Among the many reasons the AARP supports bicycling is because “building bike infrastructure creates an average of 11.4 jobs for every $1 million spent,” according to AARP Livable Communities.
It’s not only for economic development. Bike infrastructure makes streets safer, and AARP wants more cities to implement bike infrastructure.
One of the things we’ve found with bike infrastructure is that it makes streets safer for everyone, not just bicyclists,” Barbara McCann, director of Safety, Energy & Environment for the U.S. Department of Transportation (USDOT), told AARP.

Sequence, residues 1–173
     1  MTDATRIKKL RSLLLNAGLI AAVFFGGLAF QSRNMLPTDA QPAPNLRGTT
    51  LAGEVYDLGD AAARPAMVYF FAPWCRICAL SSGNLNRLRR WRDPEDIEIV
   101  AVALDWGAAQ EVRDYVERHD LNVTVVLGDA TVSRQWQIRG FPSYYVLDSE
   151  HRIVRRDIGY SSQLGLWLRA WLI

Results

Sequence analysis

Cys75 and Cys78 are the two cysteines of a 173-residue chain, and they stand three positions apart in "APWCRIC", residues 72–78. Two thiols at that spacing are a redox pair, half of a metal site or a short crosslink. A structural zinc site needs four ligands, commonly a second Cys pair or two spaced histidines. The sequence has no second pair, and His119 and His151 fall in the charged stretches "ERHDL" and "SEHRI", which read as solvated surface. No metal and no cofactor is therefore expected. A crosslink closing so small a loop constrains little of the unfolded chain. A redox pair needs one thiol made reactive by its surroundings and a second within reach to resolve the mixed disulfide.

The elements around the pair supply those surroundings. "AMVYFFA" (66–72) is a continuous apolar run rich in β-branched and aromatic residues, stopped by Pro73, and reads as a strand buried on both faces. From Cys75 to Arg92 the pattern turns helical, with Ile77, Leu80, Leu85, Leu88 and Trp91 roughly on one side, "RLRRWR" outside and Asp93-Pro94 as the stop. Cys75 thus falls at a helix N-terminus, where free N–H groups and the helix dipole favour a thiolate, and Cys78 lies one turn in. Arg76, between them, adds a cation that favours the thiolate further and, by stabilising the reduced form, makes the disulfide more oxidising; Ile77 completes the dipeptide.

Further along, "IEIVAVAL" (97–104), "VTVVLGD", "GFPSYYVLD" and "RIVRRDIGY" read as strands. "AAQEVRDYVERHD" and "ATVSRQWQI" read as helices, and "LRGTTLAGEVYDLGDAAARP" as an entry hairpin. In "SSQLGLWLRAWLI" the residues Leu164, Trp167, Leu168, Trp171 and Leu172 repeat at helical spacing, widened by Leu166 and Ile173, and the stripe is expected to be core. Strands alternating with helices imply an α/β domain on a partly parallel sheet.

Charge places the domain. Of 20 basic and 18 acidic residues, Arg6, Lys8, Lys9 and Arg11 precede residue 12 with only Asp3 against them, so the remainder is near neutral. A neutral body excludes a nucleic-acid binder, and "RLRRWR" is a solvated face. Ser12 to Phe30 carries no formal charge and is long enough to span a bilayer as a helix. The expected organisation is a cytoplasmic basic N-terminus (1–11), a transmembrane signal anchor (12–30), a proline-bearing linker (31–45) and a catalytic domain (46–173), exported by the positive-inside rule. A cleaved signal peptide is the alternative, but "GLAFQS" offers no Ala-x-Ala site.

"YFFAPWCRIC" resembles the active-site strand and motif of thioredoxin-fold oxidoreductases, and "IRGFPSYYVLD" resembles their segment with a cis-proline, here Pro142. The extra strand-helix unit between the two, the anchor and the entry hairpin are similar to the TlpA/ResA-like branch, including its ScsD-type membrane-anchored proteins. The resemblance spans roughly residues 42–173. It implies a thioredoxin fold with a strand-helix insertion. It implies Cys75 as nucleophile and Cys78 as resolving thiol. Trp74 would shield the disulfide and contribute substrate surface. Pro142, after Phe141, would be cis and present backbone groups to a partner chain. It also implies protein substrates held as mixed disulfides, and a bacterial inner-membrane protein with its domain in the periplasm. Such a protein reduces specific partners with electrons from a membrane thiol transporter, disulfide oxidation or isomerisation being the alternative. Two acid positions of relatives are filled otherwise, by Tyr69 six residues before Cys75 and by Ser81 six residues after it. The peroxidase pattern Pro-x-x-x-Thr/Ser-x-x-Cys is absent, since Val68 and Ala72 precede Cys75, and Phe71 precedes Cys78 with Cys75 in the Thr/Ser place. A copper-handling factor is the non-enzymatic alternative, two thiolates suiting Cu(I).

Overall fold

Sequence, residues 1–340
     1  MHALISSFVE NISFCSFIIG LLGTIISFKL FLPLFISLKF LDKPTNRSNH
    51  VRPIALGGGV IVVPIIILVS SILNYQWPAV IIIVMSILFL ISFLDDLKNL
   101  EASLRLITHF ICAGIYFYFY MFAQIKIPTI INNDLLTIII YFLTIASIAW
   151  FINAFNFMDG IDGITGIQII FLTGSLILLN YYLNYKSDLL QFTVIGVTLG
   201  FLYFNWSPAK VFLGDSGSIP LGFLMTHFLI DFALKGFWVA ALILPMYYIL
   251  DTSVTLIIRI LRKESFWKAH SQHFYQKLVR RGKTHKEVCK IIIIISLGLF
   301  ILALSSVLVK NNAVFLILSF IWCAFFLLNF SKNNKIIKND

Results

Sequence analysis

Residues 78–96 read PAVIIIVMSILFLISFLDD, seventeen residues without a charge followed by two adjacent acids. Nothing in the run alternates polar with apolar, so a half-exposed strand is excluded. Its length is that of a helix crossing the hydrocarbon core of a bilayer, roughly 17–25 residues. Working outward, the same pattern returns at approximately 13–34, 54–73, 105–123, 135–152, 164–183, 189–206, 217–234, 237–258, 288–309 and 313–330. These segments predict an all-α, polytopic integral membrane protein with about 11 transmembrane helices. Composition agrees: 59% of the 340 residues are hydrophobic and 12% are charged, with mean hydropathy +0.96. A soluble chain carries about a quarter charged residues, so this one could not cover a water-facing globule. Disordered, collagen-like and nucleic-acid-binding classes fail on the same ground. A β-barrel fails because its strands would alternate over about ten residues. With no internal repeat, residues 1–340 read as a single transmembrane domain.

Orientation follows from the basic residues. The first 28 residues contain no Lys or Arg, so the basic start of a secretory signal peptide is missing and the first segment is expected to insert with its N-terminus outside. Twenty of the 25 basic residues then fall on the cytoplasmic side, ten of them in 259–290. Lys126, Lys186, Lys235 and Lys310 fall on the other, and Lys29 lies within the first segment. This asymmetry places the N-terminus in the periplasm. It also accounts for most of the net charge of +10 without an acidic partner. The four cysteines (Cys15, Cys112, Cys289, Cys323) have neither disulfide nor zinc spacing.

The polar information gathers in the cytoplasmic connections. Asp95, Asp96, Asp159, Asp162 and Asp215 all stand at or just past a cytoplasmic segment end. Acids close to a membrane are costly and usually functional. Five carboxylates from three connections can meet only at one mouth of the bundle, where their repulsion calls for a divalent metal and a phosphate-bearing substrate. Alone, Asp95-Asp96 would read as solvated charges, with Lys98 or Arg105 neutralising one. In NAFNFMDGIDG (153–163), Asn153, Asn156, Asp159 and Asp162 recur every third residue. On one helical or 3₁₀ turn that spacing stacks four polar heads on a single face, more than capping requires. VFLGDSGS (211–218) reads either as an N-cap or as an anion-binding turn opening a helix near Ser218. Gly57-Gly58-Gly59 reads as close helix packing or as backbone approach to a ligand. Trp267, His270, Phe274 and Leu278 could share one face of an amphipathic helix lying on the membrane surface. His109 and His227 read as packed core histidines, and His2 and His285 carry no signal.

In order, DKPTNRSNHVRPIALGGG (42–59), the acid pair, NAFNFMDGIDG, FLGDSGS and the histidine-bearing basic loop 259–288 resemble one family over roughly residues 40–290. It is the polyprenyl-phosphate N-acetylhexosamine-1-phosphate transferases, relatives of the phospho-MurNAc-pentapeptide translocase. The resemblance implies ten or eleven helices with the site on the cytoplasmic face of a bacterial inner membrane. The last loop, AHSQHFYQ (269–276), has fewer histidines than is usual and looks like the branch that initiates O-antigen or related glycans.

AARP Livable Communities and the Walkable and Livable Communities Institute developed a Bicycling fact sheet with tips for making a community more bicycle-friendly and examples of bicycling features, like dedicated bike lanes, that can help improve a community’s safety and economic success. It’s designed for policymakers, transportation planners and civic and community leaders to use in educating about the benefits of bike infrastructure.
There are strategies for mythbusting, like how to counter the belief that “bicycling is for fit middle-class white guys” and success stories, like the eight-mile Indianapolis, Ind., cultural trail.
Explore and download AARP’s Bicycling and more EfficientGov bike infrastructure resources below.